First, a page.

Previous abstract Next abstract
Session 82 - Globular Clusters.
Display session, Wednesday, January 17
North Banquet Hall, Convention Center
The UIT on Astro-2 in March 1995 obtained deep far-UV exposures of the clusters NGC 362 and NGC 104 (= 47 Tuc). Both of these clusters are famous for having red horizontal branches. We report the detection of UV sources in both of these clusters, some of which appear to be blue HB stars that are almost certain cluster members. The NGC 362 field contains a clump of 9 stars within a 13\arcsec\ radius (R) of the optical center of the cluster, as well as at least 13 other sources that have R < 13\arcmin. The outer set of stars has been identified with blue stars [(B-V) < 0.13] in the recent optical data of K. Montgomery and K. Janes (1995, private communication). In 47 Tuc, 12 stars are detected with luminosities within 1 mag of the predicted ZAHB and with R \gtrsim 2\arcmin, i.e. unconcentrated. Three of these stars have high (\sim 97 %) membership probability. For a fourth, we have subsequently obtained an IUE SWP spectrum; its temperature appears to be about 50000K, implying that it is a P-AGB or sdO star within the cluster. The center itself additionally contains a number of sources too faint to be HB stars, which we suspect to be blue stragglers and whose correspondence with HST/FOC detections is being investigated.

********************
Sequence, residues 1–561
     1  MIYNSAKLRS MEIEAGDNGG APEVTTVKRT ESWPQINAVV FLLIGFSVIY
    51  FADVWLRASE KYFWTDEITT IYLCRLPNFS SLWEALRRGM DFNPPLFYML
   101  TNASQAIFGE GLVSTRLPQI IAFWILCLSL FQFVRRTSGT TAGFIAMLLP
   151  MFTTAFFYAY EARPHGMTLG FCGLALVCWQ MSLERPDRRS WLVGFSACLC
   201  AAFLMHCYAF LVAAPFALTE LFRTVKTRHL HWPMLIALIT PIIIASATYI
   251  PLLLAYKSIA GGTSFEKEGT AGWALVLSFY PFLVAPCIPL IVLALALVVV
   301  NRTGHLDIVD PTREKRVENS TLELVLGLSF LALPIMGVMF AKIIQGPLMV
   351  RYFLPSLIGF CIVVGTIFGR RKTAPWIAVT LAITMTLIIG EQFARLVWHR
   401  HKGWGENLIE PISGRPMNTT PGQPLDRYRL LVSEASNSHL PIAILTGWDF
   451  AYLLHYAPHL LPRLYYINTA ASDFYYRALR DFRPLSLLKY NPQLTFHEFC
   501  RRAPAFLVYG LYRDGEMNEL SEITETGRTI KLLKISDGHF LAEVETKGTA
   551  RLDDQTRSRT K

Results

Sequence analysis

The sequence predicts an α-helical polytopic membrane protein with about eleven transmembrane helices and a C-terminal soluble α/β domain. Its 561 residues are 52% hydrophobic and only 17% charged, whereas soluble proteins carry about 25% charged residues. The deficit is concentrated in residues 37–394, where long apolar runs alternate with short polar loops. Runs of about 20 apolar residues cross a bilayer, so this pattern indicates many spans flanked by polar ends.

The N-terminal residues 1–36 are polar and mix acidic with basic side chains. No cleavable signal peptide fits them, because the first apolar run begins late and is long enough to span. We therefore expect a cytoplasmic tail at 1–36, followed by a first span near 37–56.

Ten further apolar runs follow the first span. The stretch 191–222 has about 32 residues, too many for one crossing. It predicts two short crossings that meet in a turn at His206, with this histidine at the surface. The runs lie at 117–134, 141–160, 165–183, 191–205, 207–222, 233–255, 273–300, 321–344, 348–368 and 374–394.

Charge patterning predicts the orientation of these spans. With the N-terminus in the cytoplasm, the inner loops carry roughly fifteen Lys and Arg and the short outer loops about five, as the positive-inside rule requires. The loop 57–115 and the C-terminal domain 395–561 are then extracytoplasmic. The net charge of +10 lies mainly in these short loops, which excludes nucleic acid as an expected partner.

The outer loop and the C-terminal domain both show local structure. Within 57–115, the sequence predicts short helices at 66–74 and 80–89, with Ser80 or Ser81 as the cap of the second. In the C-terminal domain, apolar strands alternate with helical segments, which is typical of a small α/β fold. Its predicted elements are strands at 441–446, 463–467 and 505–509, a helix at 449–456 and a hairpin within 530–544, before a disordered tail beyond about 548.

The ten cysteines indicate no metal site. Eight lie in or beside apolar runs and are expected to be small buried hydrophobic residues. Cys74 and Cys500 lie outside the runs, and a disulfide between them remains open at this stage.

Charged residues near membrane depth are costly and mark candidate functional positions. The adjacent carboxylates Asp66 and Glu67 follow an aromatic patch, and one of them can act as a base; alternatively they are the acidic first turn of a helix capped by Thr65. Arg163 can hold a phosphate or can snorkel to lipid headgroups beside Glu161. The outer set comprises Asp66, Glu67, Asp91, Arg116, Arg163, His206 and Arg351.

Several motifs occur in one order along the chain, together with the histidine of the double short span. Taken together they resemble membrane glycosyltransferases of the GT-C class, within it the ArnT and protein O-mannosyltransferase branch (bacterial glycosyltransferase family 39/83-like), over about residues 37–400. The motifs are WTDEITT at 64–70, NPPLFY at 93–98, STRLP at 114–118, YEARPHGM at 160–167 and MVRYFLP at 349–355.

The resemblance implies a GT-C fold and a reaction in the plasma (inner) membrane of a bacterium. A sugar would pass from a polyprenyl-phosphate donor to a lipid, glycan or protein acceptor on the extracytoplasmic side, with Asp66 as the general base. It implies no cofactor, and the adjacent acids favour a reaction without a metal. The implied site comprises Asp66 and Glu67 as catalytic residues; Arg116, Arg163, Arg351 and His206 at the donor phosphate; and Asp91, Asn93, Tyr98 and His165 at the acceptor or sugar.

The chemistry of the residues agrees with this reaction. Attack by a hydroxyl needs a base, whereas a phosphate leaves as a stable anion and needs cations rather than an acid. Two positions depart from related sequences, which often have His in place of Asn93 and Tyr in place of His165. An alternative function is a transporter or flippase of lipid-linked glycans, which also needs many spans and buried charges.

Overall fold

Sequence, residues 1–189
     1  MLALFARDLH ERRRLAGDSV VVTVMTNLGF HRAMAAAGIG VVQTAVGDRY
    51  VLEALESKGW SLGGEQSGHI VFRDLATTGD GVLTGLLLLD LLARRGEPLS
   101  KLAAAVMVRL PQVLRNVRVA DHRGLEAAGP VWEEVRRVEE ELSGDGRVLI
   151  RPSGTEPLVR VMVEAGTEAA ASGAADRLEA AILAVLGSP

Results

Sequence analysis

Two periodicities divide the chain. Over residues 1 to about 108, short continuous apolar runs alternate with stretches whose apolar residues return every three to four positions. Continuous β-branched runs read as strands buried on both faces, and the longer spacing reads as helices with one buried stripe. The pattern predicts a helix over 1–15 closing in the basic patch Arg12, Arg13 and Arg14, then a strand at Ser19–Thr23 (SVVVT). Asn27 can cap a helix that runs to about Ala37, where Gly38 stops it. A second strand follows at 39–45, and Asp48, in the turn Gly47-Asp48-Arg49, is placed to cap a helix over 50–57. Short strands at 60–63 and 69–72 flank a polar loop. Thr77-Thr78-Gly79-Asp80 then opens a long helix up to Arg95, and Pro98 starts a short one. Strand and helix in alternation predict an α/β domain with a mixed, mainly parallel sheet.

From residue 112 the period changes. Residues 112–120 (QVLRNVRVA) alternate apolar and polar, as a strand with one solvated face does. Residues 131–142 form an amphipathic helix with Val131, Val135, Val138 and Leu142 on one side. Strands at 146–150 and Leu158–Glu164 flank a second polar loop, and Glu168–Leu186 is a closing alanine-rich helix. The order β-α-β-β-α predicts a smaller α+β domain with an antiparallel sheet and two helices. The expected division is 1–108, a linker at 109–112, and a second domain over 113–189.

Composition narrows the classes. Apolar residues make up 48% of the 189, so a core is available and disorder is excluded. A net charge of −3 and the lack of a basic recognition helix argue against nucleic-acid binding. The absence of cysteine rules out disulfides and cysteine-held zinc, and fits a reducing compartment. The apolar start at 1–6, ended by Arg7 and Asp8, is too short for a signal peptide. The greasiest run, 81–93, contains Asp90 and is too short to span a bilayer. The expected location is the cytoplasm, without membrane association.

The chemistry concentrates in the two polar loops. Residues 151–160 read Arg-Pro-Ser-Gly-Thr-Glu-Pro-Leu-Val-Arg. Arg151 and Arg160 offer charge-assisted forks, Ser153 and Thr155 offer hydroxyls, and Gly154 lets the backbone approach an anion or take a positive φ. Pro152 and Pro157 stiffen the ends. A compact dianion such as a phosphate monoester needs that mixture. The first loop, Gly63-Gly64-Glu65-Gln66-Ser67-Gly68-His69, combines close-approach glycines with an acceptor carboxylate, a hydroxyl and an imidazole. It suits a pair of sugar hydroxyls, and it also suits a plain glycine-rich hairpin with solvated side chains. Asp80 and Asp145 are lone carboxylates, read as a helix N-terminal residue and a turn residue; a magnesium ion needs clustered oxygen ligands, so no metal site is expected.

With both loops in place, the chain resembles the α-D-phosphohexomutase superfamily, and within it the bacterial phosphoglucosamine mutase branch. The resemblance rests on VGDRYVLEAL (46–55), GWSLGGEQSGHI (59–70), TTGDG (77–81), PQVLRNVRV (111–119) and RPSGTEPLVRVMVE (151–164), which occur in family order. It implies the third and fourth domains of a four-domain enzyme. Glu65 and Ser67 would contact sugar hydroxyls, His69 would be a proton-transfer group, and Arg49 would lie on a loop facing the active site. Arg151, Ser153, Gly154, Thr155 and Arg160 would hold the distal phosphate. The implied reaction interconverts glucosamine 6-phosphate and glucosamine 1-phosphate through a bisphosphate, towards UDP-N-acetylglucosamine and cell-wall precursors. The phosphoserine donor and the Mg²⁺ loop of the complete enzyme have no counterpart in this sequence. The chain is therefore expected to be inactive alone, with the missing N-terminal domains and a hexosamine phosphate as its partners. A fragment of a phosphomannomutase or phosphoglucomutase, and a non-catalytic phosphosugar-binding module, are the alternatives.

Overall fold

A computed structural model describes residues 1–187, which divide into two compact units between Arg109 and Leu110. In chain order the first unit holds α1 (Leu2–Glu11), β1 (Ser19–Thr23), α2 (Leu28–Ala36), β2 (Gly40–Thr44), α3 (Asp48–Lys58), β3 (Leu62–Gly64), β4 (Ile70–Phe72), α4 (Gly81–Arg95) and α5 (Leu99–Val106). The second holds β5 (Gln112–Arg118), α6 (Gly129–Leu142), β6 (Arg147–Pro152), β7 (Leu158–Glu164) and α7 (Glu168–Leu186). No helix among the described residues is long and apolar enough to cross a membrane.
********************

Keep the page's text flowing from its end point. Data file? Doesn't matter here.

In both cases, the interpretation depends on reliably accounting for background contamination from the nearby SMC. However, preliminary analysis suggests that the blue stars in NGC 362 are only marginally more concentrated than the optical light profile. The significance of NGC 362 is that it is a paradigm `second parameter' cluster, whose turnoff color (as well as HB morphology) indicates an age \sim 11 Gyr\: (Y__ZAMS \sim 0.24). The presence of blue HB stars implies that they may be found in populations young compared to most Galactic globulars. For 47 Tuc, the presence of blue HB stars in this metal-rich cluster ([Fe/H] \sim -0.7 is important for the study of HB morphology in disk clusters.
Program listing for Wednesday